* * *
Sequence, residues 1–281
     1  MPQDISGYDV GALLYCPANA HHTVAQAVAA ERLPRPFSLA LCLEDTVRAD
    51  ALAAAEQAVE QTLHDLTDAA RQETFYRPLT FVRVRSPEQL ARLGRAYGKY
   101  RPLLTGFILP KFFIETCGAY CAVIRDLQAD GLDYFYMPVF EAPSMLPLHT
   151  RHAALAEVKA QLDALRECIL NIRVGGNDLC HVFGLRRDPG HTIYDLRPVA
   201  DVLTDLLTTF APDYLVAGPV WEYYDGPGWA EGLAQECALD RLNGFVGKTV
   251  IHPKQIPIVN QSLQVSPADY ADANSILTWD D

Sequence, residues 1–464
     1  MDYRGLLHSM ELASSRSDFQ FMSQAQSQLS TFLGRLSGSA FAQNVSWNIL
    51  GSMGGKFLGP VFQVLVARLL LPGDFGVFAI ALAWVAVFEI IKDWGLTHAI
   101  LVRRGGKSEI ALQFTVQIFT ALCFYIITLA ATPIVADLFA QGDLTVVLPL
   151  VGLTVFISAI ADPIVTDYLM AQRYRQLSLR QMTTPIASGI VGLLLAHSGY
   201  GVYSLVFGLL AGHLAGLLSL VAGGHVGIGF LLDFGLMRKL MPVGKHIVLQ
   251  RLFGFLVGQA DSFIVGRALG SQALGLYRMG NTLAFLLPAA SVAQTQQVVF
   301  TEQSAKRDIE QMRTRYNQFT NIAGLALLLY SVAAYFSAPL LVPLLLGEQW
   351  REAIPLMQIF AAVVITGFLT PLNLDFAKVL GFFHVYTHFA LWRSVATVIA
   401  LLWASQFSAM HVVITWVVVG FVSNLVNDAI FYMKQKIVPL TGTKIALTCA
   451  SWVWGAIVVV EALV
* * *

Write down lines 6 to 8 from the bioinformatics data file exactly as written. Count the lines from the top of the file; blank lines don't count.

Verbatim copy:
   201  DVLTDLLTTF APDYLVAGPV WEYYDGPGWA EGLAQECALD RLNGFVGKTV
   251  IHPKQIPIVN QSLQVSPADY ADANSILTWD D

Sequence, residues 1–464